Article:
Starkey Malarkey: The Lighter Side of the Sad Beatle

Though he may not have been as lyrically or musically talented as John, Paul, or George, Ringo Starr possessed a public charisma and idiosyncratic personality that the other Beatles lacked in comparison. It can be argued that “Ringo Starr” was not just a pseudonym for Richard Starkey, Jr., but an on-stage persona. Or, if you will, multiple personas. Just as David Bowie sifted through phases of being Ziggy Stardust, the Thin White Duke, the Man Who Sold the World, and others, Ringo’s unappreciated virtuosity allowed him to be either an idealistic man-child pining for an “Octopus’ Garden, a hammy pseudo-American country-western crooner inexplicably sandwiched between three Liverpudlians, or a pessimistic also ran who encountered enough cruelty from his bandmates that fans naturally wondered why the band’s initial drummer Pete Best was sacked in the first place.
This final persona easily remains the most shocking, as if A Hard Day’s Night is to be believed, Ringo acquired much more fan mail than even John or Paul. His renditions of American rockabilly and country standards including “Matchbox” and “Act Naturally” cemented his reputation as the most popular Beatle in America, where in fact “Matchbox” was actually released as a single (it was merely on the B-side of the “Long Tall Sally” EP in Britain). At first glance, this does not explain why the band constantly poked fun at Ringo in multiple media, including films, interviews, and even a short-lived and cheaply-produced American Saturday morning cartoon. Each episode of this cartoon featured The Beatles performing one song in response to a simplistic, often forced conflict. One particular conflict occurs when Ringo not only has an omnipresent cumulonimbus cloud raining on his mop top, but involuntarily causes misfortune to everyone around him (YouTube). True to the show’s formula, Ringo’s raincloud goes away when the Fab Four perform “Good Day Sunshine” from Revolver, but this does not solve a more pressing issue: why Ringo? Why couldn’t John suffer from this meteorological phenomenon? In the film Help!, why didn’t Paul wear a ring which put him in danger of becoming a human sacrifice to a culturally insensitive quasi-Indian cult (besides the undeniable facts that the film would have lost one of its many bad puns, and that Ringo received his nickname from constantly wearing rings in the first place)? And would it be all too much for George to press the red button in Yellow Submarine after explicitly being instructed not to? Unfortunately, the band’s borderline malicious treatment of Ringo was not his own lighthearted self-deprecation. As John Lennon once famously improvised when asked if his band’s drummer was the greatest in the world, “Ringo’s not even the best drummer in The Beatles!” (Daily Mail). This is not a gentle quip, but an indication that Lennon could behave like a “jealous guy” to not only lovers, but friends as well.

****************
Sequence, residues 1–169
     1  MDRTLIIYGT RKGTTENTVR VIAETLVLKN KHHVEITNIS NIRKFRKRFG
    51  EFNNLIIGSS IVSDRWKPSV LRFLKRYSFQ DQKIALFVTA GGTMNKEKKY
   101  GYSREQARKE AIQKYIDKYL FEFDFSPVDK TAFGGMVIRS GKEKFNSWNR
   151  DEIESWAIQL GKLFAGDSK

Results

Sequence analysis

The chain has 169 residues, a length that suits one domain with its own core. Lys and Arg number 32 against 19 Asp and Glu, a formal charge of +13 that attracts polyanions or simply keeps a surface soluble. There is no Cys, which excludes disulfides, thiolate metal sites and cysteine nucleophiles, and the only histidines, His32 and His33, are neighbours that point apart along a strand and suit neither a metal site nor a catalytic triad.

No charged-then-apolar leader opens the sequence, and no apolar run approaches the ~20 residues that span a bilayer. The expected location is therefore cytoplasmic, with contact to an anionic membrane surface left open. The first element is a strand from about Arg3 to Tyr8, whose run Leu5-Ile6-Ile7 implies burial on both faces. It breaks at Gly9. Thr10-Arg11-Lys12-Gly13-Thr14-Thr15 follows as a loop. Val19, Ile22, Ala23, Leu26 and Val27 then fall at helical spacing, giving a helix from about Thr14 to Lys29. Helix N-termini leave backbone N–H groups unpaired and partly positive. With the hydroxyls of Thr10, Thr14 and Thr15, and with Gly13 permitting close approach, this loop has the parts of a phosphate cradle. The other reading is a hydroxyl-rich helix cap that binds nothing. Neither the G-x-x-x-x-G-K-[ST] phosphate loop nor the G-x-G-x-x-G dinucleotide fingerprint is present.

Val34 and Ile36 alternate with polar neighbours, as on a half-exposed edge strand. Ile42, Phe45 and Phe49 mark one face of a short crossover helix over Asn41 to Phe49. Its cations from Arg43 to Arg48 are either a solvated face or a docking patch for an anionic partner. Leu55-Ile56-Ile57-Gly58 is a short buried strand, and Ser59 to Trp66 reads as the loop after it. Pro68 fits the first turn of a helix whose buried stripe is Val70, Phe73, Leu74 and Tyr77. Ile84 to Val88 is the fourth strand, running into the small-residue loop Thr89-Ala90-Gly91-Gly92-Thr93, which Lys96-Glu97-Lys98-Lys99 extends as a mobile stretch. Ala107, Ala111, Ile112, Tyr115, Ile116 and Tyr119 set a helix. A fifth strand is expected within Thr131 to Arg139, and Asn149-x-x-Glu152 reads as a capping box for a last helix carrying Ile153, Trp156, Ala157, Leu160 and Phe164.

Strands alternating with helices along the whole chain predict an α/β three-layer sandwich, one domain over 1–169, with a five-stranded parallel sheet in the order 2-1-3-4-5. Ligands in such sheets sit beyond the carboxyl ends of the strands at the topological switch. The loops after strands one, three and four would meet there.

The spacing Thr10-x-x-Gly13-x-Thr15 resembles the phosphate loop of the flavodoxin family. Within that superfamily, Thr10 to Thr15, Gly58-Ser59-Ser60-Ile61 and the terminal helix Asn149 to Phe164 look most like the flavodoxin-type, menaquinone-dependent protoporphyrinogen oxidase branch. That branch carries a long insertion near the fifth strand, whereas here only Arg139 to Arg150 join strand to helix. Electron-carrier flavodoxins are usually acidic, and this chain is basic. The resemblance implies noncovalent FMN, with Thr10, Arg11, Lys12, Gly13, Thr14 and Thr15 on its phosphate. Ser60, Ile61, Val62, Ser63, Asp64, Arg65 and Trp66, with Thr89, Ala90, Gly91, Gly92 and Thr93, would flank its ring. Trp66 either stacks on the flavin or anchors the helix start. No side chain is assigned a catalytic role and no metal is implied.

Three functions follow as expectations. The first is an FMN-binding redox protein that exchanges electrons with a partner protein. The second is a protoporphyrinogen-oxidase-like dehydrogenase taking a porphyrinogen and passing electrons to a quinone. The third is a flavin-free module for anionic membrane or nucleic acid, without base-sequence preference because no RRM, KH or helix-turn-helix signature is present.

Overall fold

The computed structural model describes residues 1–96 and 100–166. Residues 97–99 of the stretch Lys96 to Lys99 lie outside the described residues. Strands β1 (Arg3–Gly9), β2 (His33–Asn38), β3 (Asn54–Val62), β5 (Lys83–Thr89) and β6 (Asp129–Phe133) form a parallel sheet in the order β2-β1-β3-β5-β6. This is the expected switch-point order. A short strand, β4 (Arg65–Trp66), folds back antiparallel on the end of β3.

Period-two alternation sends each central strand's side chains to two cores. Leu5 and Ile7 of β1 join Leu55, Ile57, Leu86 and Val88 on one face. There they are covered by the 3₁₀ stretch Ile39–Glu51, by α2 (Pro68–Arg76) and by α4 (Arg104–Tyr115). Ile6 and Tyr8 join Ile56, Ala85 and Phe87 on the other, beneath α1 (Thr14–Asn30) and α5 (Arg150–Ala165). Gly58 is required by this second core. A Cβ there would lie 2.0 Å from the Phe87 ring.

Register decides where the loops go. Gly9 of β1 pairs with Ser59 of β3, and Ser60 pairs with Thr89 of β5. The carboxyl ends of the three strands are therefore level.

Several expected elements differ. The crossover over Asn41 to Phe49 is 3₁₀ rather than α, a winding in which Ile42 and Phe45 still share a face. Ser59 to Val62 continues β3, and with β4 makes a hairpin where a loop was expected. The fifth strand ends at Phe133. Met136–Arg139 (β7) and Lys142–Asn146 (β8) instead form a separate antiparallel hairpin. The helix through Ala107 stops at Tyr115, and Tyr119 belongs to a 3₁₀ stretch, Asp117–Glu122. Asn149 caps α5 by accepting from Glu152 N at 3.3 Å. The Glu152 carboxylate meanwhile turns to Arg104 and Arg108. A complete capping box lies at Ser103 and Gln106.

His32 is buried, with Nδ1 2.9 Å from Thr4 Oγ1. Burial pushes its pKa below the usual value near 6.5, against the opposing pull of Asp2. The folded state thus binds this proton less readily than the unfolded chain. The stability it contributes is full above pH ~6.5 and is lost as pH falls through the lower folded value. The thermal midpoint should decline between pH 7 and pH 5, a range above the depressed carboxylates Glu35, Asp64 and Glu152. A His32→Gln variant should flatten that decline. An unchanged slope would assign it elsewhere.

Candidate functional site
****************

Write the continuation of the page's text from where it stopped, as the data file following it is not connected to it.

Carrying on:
Considering the mockery he endured, Ringo’s attitude was usually quite positive throughout The Beatles’ tenure. True, there are exceptions in the early period which initally labeled him “The Sad Beatle,” including his bitter dismissal of a Beatlemaniac’s flirtations in the opening scene of A Hard Day’s Night (“she’ll only reject me and then I’ll be frustrated”). However, by the band’s middle period, it became more evident that “The Sad Beatle” was in fact Lennon. Songs like “I’m a Loser” and the disturbingly suicidal “Yer Blues” demonstrated that not only could money buy love, but it couldn’t buy happiness for Lennon either. Ringo, on the other hand, seemed much more well-adjusted, especially when he sang childlike songs like “Yellow Submarine” and “Octopus’ Garden” which naturally worked better on Sesame Street than they did on their respective albums, Revolver and Abbey Road. It is hardly a surprise that Ringo later found success as the narrator of the British children’s television program Thomas the Tank Engine. With this in mind, Ringo can be described as a prototype of future, more prolific songwriters who would extend their lyrical reach to the children’s market, such as The Modern Lovers vocalist Jonathan Richman (whose “I’m a Little Airplane” also received airplay on Sesame Street) or more recently, They Might Be Giants.
It is a pity that the other Beatles stunted Ringo’s output, because he upstaged them with his presence. The laughable “Don’t Pass Me By,” the first of only two Beatles tunes penned by Ringo, might not be the greatest indicator of his talent. Paul McCartney even mocked the tune’s saccharine predictability in an interview held with the two currently living Beatles. Yet, it was Ringo’s “natural” and often hilarious acting abilities, his scarce drum solos such as the one in the middle of “The End,” his unique witticisms such as “a hard day’s night” and “eight days a week” that helped shape the language spoken by The Beatles and their fanatics, and most importantly, his ability to singlehandedly keep the band functioning until 1970 despite frequent quarrels between Lennon, McCartney, and the similarly neglected George Harrison which prove that every persona of Richard Starkey, Jr. was essential to the overall Beatles experience.

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